Stowell was described as follows:
Deacon Isaiah [Josiah] Stowell,.. .a man of much force of character, of indomitable will, and well fitted as a pioneer in the unbroken wilderness that this country possessed at the close of the last century. He was one of the Vermont sufferers, who for defective titles, consequent on the forming a new State from a part of Massachusetts, in 1791, received wild lands in Bainbridge. He had been educated in the spirit of orthodox puritanism, and was officially connected with the first Presbyterian church of the town, organized by Rev. Mr. Chapin. He was a very industrious exemplary man, and by severe labor and frugality had acquired surroundings that excited the envy of many of his less fortunate neighbors. He had at this time grown up sons and daughters to share his prosperity and the honors of his name.
The Chenango Union (Norwich, New York), May 2, 1877, quoted in Porter, Larry C. “The Colesville Branch and the Coming Forth of the Book of Mormon.” BYU Studies 10, no. 3 (Spring 1970): 365–385.
In October of 1825, he hired Joseph Smith to help him dig for Spanish treasure that was reported to be in the Ouaquaga Mountains of Harmony, Pennsylvania. Stowell came to Joseph as he had heard that Joseph had the ability to “discern things invisible to the natural eye.” The search for treasure was unsuccessful and ended by mid-November. However, while working on this project, the men lodged at the home of Isaac Hale, father of Emma Hale. This is how Joseph Smith first became acquainted with Emma. Joseph continued to court Emma while he did farm and millwork for Joseph Knight Sr. and Josiah Stowell. After Joseph and Emma married, Stowell gave them a ride to Manchester where they lived with Joseph’s parents.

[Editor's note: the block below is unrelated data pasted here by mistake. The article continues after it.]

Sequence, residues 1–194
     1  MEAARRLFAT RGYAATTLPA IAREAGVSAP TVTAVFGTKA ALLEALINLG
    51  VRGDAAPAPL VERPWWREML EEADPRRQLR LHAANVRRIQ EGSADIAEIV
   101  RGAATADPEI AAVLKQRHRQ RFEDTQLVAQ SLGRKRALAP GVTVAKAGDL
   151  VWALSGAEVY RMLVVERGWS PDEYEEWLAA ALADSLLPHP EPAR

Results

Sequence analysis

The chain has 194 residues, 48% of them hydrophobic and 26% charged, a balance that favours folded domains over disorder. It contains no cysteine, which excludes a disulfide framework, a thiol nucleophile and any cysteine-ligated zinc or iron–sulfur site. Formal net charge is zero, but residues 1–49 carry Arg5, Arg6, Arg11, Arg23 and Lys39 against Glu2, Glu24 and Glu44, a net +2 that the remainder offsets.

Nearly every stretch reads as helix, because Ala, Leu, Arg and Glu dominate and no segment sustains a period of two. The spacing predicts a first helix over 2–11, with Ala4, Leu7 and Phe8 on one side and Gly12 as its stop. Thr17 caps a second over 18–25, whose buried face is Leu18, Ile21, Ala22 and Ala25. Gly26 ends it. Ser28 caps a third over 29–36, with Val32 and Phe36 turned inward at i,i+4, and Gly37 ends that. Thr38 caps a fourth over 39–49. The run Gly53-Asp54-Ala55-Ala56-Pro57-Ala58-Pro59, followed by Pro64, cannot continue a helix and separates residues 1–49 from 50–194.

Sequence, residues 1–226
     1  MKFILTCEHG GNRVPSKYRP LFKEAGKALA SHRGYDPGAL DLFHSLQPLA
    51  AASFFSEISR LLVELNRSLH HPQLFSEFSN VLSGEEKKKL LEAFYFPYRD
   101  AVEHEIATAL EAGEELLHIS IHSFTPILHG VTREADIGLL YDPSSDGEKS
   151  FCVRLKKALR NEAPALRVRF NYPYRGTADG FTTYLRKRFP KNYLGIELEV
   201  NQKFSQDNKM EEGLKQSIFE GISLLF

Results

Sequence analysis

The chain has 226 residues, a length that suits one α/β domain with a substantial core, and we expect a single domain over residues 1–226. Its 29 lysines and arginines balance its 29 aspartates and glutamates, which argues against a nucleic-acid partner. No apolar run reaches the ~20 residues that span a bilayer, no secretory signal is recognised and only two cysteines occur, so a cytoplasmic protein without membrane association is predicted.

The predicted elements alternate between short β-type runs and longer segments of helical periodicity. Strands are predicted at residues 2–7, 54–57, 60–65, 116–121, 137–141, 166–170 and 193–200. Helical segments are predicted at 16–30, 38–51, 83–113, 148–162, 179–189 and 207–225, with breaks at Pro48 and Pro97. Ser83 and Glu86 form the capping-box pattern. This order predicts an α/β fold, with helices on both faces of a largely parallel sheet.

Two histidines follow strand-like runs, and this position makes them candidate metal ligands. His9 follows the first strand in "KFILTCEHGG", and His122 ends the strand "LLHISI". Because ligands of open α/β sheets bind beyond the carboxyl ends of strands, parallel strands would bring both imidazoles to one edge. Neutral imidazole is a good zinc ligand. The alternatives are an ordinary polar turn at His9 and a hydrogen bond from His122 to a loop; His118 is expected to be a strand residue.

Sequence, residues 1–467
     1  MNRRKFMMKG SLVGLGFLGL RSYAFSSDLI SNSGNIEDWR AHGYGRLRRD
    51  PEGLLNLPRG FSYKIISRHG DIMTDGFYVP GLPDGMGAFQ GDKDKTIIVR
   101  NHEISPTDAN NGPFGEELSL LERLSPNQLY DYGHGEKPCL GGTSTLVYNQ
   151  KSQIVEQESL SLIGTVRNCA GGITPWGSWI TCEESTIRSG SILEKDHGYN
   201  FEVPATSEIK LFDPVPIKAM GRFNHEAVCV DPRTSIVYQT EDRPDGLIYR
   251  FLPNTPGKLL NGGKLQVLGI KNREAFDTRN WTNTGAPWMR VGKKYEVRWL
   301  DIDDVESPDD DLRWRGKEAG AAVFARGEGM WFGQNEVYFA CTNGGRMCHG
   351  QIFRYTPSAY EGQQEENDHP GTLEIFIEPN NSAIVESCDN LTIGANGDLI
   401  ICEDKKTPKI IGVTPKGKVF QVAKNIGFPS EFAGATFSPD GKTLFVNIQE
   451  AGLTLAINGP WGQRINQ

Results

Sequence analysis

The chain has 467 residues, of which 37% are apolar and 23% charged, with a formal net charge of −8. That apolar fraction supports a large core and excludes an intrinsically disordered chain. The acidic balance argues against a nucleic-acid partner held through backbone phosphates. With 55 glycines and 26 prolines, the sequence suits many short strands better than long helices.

Stowell was a houseguest at the Smith home at the time that Joseph obtained the golden plates in September of 1827.
He was a witness for Joseph Smith’s defense at court proceedings in South Bainbridge (later Afton), New York in 1826 and again in 1830. The charge in both instances was that of being a “disorderly person.”
He was baptized into the Church of Jesus Christ of Latter-day Saints in 1830. In early 1830, he was chosen along with Oliver Cowdery, Hiram Page, and Joseph Knight, Sr. to secure the copyright of the Book of Mormon in Canada. He stayed in New York rather than moving with the Saints to Ohio. Nevertheless, he remained a faithful member of the Church. He wrote to Joseph on December 19, 1843, telling him of his desire “to come to Zion the next season.” However, he died in Smithboro, New York on May 12, 1844.
Garr, Arnold K., Donald Q. Cannon, and Richard O. Cowan, eds. 2000. Encyclopedia of Latter-day Saint History. “Stowell, Josiah.” Salt Lake City, UT: Deseret Book.
Joseph Smith Papers, Josiah Stowell, Sr., accessed February 20, 2021, https://www.josephsmithpapers.org/person/josiah-stowell-sr.
Joseph Smith Papers, Revelation Book 1, accessed February 20, 2021, https://www.josephsmithpapers.org/paper-summary/revelation-book-1/15.
Daniel H. Ludlow, ed. 1992. Encyclopedia of Mormonism. “Smith, Joseph: Legal Trials of Joseph Smith.” New York: Macmillan.
“Joseph Smith and Josiah Stowell in Old South Bainbridge and Colesville, NY,” Sep 18, 2019.
“Why Was Joseph Smith Accused of Being a “Disorderly Person” in 1826?” Book of Mormon Central, February 2, 2021, KnoWhy #594.